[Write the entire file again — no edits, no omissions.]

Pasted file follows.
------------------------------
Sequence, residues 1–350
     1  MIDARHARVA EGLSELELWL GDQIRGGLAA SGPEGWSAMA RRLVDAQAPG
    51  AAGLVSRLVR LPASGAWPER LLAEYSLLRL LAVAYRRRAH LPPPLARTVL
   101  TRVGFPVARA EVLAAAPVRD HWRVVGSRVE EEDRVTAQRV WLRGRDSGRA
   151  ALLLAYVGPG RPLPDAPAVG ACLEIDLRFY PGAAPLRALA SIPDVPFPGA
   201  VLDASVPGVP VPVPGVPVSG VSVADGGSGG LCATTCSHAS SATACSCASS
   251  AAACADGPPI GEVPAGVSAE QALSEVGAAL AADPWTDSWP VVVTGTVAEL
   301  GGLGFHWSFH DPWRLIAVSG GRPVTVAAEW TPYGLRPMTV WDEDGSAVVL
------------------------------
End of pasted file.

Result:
Sequence, residues 1–350
     1  MIDARHARVA EGLSELELWL GDQIRGGLAA SGPEGWSAMA RRLVDAQAPG
    51  AAGLVSRLVR LPASGAWPER LLAEYSLLRL LAVAYRRRAH LPPPLARTVL
   101  TRVGFPVARA EVLAAAPVRD HWRVVGSRVE EEDRVTAQRV WLRGRDSGRA
   151  ALLLAYVGPG RPLPDAPAVG ACLEIDLRFY PGAAPLRALA SIPDVPFPGA
   201  VLDASVPGVP VPVPGVPVSG VSVADGGSGG LCATTCSHAS SATACSCASS
   251  AAACADGPPI GEVPAGVSAE QALSEVGAAL AADPWTDSWP VVVTGTVAEL
   301  GGLGFHWSFH DPWRLIAVSG GRPVTVAAEW TPYGLRPMTV WDEDGSAVVL